“Sometimes you have got to look at things really positively – without putting your head in the sand, you have got to manage the negatives and keep putting a positive slant on it. Keep trying to find answers.” – Brian McDermot
White Sands: Beauty and Missiles
When you think of White Sands in New Mexico, what’s the first thought that pops up in your brain? Monument or Missiles?
White Sands National Monument, whose dunes of glistening gypsum sands I passed on the final leg of my trip home after three weeks in Texas, is a place of both. I didn’t stop this day, but have taken the time to explore the 275 square miles of glistening white sand on past road trips.
The National Park Service claims that this is the world’s largest gypsum dune field, and that its rising from the heart of the desert in the Tularosa Basin is like no place else on earth. The Park Service also notes that occasionally the monument is closed to the public because of testing events at the nearby White Sands Missile Range, which Wikipedia claims is the largest military installation in the United States.
The seemingly oxymoron of beauty and missiles crossed my mind, sending me back in time to when my youngest daughter served on a destroyer tender during the Gulf War. Her ship was the USS Acadia, named after Acadia National Park in Maine.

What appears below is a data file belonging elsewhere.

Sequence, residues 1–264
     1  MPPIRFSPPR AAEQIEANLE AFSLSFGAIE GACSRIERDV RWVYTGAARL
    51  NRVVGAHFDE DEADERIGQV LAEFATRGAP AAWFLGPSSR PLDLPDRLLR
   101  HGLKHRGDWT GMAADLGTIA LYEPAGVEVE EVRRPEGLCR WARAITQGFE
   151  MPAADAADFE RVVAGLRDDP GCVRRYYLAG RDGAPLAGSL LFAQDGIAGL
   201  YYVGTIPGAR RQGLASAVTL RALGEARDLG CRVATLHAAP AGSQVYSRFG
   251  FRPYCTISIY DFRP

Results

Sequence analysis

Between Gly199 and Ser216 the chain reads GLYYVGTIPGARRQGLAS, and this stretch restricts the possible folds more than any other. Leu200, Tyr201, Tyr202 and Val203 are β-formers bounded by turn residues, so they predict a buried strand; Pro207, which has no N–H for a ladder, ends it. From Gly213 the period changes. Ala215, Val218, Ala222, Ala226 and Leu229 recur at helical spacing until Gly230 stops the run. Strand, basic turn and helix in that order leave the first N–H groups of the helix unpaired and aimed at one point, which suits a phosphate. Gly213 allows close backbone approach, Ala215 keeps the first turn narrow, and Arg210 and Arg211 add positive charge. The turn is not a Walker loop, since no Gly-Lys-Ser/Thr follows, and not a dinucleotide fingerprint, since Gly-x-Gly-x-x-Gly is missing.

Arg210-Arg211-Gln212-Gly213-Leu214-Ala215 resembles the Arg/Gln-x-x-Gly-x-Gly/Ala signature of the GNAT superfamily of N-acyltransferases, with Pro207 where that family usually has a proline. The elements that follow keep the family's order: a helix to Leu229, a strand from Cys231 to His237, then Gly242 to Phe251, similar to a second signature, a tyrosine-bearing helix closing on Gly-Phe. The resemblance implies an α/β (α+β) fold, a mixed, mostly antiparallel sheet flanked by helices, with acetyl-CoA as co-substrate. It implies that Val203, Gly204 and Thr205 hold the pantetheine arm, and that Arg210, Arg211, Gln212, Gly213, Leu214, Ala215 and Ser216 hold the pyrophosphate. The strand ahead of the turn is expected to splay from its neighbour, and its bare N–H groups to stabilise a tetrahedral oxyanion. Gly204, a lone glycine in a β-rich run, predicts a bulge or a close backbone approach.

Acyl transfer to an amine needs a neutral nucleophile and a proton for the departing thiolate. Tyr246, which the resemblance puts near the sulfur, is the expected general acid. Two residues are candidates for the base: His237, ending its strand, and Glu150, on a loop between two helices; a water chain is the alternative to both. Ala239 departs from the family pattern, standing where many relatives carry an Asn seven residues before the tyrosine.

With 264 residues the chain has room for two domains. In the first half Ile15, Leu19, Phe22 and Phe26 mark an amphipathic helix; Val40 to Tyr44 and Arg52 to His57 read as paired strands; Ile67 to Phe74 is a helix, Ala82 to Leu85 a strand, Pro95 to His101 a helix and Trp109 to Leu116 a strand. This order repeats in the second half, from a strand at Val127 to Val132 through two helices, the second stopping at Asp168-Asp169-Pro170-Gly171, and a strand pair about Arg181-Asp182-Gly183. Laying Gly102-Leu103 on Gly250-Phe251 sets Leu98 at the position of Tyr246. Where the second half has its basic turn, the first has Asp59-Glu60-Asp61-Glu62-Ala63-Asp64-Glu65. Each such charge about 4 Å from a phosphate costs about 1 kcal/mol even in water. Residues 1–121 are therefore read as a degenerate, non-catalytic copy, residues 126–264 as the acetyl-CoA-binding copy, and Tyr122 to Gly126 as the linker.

Whose bright idea was it to name military ships after National Parks, I wondered at the time?
Such thoughts occupied my mine again during the next hundred miles or so driven beneath low-hanging clouds. I hit the rain at Texas Canyon in Arizona, with its own unique landscape of giant granite boulders. Although eager to get home, which was just 50 miles away, Pepper and I took a brief, damp break at the canyon rest stop.
By the time we did reach home, the drizzling rain that accompanied our last leg of the journey had turned into a downpour. I took it as a sign that Mother Nature was welcoming us back to Tucson.
Bean Pat: Blood-Red Pencil: Breaking up is good to do http://bloodredpencil.blogspot.com/ I like this writing advice, probably because I still have a journalistic habit of short paragraphs. Some editors like it, and some don’t. It just goes to show that writing is never like math. Two and two are never four when it comes to words. What one editor thinks is wrong, another editor loves. So sometimes you have to choose between pleasing yourself, and pleasing the editor who wants to publish your writing. At various times in my life I’ve done both.
“You can’t sit around thinking. You have to sit around writing.” – David Long